The Kids Are Alright
What would you do if you found out that your parents were evil? Not, like, run of the mill, parents gotta parent evil – putting the entire family on a diet because your younger brother has to make weight for football, for example, or siding with your klepto sister when she steals your favorite pair of shoes and then proceeds to cut you with one of them (both of which happened to yours truly and still burns some twenty years later) – but real life supervillains bent on world domination evil?
When Alex, Nico, Chase, Gert, Karolina, and Molly witness their parents murder a young woman during their annual get-together, they decide on the most reasonable option: report their “psycho ‘rents” to the police. Only problem is, the LAPD is in The Pride’s pocket – along with the rest of the city. As the sextet sets out to procure concrete evidence of their parents’ wrongdoing, they also embark on an unexpected journey of self-discovery: among their group hide unwitting aliens, mutants, prodigies, and even a prospective time-traveler with her very own pet velociraptor!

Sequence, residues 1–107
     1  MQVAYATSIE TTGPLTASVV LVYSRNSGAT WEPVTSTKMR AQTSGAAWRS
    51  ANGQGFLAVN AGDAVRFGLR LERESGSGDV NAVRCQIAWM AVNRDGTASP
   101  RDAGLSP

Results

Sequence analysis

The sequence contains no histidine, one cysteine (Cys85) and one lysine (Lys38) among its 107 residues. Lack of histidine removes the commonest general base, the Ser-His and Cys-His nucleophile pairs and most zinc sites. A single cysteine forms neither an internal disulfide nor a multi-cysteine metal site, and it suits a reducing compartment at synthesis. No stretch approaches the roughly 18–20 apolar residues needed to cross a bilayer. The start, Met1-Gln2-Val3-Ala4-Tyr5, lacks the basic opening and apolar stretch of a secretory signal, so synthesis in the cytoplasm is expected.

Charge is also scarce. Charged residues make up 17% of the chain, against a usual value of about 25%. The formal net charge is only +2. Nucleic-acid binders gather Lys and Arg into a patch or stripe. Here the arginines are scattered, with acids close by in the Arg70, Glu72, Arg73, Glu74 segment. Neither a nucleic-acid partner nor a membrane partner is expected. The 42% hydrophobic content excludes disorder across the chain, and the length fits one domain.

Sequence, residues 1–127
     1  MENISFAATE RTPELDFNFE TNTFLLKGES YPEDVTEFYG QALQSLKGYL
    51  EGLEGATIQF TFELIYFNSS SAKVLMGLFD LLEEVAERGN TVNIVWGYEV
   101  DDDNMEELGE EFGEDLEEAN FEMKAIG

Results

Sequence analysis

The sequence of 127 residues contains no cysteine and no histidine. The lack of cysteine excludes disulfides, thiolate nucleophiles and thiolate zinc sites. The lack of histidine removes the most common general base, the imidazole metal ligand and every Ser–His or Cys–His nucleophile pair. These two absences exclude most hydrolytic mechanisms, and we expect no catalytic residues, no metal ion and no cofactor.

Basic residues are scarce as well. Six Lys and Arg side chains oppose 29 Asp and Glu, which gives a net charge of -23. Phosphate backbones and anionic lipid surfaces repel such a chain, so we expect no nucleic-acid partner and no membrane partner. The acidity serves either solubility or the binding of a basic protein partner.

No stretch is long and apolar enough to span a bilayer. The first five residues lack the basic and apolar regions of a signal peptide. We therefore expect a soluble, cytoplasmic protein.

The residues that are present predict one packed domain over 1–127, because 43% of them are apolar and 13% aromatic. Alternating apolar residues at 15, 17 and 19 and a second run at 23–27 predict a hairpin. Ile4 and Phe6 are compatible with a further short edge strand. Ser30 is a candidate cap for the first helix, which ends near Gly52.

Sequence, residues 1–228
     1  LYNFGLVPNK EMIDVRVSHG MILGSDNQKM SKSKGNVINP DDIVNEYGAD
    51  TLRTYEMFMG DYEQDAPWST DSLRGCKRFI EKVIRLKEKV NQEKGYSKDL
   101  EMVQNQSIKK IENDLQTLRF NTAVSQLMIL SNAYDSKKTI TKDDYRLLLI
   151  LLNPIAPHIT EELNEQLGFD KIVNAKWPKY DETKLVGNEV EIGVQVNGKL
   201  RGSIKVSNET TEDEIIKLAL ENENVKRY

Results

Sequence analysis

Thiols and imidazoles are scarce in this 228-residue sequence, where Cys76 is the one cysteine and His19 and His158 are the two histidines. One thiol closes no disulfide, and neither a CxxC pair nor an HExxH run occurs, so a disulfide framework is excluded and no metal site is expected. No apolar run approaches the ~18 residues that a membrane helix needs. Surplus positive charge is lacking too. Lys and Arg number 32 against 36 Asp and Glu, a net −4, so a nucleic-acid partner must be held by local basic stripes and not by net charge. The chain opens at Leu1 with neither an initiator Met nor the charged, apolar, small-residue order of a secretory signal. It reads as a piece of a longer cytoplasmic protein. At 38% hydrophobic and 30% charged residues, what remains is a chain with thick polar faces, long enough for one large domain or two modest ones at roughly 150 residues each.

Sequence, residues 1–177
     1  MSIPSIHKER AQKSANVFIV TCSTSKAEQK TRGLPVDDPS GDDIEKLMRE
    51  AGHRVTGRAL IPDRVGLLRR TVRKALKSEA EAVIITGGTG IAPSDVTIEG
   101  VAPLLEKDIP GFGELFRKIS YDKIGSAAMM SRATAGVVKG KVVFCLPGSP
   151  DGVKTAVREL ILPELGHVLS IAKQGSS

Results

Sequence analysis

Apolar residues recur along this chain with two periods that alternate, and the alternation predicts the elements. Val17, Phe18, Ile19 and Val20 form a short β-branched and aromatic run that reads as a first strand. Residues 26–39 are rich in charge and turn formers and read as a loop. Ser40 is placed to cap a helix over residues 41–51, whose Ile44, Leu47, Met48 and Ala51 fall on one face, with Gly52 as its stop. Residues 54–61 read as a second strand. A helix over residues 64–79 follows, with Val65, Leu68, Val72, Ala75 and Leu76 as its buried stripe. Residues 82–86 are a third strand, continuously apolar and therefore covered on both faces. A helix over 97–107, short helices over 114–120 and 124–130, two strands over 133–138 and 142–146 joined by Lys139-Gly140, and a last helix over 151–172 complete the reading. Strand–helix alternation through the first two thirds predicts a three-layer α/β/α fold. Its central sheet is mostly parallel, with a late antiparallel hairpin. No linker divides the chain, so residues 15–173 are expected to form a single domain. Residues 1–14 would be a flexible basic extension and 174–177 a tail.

I scooped up the first volume of Runaways for a mere buck at a library book sale; ten pages in, and I was hooked. (Hey, you had me at vegan tempeh fajitas!) Fifteen pages, and I’d already ordered the next nine volumes in the set on eBay. (They can’t get here fast enough!) The characters are both believable and relatively diverse; four of the six protagonists are young women, and two are people of color. A little “chubby,” Gert is a welcome deviation from conventional beauty standards, and Molly’s age (at just eleven years old, she’s several years younger than her teenage cohorts) introduces a whole new set of coming of age issues to explore. (Indeed, one plot point hinges upon the confusion caused by Molly’s changing body, assumed to be the result of her first period.)
If this first volume is any indication, it also looks as though Runaways will explore such weighty issues as domestic (child) abuse, and the more general problem of reconciling a parent’s evil deeds with their outwardly “good” personae.
While the general consensus seems to be that the series takes a nosedive somewhere around Volume 9 (bummer!), I can’t wait to see what’s in store for the runaways.
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